In our judgment, Kinstler v. Redevelopment Authority of the City of Philadelphia, 13 Pa. Commonwealth Ct. 281, 320 A.2d 396 (1974) controls in this case. In Kinstler, the condemnee argued that the Redevelopment Authority was precluded from filing preliminary objections since it did not file the preliminary objections within twenty days after receipt of
[ 80 Pa. Commw. Page 59]
notice of the appointment of viewers. The contention of the condemnees in that case was rejected because nothing in the record indicated that any notice of the appointment of viewers had ever been sent to the Redevelopment Authority. This Court even stated that the fact that the condemning authority admitted receiving notice of appointment of a Board of View did not cure the deficiency in the record caused by lack of proof that the condemnee had served such notice upon the condemnor.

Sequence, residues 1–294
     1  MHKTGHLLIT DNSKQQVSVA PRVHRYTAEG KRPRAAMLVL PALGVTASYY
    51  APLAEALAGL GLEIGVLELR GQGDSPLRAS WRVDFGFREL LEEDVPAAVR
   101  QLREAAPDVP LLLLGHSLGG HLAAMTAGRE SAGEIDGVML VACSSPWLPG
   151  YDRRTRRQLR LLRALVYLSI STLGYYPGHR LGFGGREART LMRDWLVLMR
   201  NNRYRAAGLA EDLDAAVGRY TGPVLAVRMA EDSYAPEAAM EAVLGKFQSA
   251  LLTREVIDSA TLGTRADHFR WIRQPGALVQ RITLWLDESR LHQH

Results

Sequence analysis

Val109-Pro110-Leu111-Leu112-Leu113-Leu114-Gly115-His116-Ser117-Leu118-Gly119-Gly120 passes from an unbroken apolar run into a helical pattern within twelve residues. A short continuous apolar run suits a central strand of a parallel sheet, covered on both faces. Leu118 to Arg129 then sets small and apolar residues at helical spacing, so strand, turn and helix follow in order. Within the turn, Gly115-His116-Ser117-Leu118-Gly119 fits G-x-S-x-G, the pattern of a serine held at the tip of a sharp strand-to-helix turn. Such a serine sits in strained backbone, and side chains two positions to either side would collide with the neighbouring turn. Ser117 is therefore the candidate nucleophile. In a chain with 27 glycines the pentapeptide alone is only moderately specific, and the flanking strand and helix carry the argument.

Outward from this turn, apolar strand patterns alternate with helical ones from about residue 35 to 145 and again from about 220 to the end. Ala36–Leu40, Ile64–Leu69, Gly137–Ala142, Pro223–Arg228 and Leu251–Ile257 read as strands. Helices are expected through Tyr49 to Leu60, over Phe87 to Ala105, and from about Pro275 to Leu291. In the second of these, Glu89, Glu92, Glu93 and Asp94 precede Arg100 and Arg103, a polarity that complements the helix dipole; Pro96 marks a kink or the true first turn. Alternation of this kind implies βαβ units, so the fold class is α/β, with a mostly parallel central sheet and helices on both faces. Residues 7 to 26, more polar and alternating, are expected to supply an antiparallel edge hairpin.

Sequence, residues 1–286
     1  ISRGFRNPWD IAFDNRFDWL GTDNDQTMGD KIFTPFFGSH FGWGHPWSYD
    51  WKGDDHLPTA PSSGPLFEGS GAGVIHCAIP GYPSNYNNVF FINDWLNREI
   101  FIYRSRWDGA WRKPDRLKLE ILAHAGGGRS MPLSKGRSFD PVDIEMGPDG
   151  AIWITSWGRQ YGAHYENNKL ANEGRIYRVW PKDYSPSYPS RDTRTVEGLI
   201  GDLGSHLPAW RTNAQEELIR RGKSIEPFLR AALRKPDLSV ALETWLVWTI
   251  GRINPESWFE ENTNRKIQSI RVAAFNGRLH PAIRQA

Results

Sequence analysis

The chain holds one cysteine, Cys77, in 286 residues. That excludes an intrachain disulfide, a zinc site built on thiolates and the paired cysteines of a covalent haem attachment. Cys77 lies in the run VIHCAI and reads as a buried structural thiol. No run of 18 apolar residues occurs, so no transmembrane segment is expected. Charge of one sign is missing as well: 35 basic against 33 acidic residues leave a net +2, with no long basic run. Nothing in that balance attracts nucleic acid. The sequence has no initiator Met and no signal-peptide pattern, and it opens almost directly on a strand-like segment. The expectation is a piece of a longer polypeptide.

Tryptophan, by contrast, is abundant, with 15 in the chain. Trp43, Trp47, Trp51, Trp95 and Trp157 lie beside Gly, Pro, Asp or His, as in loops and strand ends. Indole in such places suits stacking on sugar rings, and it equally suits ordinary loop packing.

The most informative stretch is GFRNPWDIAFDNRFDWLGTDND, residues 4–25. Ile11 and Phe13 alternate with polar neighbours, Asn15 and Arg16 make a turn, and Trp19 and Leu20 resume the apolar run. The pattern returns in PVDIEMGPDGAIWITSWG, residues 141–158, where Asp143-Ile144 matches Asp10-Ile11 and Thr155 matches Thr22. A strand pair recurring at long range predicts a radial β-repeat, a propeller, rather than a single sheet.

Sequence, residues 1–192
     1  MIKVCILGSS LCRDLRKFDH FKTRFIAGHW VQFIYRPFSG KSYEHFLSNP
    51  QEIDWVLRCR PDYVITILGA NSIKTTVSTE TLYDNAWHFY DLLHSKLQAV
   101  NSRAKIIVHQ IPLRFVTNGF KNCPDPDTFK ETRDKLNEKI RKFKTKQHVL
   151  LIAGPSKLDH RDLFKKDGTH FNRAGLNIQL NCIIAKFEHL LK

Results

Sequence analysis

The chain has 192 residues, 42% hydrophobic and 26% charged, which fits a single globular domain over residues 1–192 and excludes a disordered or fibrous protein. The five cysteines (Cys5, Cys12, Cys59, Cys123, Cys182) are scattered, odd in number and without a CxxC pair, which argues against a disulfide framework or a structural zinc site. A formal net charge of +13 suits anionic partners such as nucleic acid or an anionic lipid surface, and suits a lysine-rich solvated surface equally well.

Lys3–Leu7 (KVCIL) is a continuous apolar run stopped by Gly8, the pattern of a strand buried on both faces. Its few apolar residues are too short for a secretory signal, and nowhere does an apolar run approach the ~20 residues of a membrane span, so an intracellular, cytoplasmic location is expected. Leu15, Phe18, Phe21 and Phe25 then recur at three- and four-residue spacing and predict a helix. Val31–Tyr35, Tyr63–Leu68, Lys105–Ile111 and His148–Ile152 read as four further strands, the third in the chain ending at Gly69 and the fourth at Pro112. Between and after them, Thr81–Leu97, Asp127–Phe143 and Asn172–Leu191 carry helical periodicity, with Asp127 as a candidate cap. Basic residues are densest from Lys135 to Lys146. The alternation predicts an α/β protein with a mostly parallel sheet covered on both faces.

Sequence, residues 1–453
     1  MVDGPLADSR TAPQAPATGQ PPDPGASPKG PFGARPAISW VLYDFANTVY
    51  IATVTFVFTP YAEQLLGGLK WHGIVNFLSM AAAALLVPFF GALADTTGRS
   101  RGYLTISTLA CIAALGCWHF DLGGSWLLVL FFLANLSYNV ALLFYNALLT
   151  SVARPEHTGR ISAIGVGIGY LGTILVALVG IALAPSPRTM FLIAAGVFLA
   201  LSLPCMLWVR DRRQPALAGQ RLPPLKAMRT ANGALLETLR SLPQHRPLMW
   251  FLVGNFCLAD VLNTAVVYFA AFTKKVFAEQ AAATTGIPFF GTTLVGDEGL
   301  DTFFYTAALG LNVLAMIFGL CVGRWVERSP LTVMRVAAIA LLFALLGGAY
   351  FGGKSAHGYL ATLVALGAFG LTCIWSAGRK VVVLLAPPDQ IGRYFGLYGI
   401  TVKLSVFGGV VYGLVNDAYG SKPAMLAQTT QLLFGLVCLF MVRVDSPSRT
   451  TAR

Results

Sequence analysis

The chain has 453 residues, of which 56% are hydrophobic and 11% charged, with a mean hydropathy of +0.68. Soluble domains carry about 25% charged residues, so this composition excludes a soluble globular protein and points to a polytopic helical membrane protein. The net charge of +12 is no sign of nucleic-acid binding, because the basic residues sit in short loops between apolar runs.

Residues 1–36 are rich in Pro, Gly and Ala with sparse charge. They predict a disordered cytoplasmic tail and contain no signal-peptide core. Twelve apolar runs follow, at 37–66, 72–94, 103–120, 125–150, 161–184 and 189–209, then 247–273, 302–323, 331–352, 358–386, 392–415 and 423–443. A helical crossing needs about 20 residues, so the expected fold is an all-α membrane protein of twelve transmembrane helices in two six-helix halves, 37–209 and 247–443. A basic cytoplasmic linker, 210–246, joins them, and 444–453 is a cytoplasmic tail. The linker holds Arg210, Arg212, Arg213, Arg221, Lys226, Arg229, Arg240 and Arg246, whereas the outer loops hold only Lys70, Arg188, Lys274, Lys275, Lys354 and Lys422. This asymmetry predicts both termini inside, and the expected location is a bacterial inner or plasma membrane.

This Court has often held that where a party has filed preliminary objections to the appointment of viewers, the trial court may not dismiss those objections without first conducting an evidentiary hearing to determine whether there has been a de facto taking. Appeal of Conway, 60 Pa. Commonwealth Ct. 520, 432 A.2d 276 (1981); Greger v. Campton Township, 25 Pa. Commonwealth Ct. 279, 360 A.2d 792 (1976). We have also held that preliminary objections are the exclusive method under the Code of raising legal and factual objections to a Petition where the Petition alleges a de facto taking. City of Philadelphia v. Airportels, Inc., 14 Pa. Commonwealth Ct. 617, 322 A.2d 727 (1974). The trial court must therefore resolve the issue of whether there has been a de facto taking.
For the reasons set forth herein, the order of the trial court is reversed and remanded for reconsideration of the preliminary objections not inconsistent with this opinion.
And Now, January 30, 1984, the order of the Court of Common Pleas of Allegheny County, dated July 15, 1982, and No. GD78-27758 is hereby reversed and the case is remanded for reconsideration of the preliminary objection not inconsistent with this opinion.
Reversed and remanded.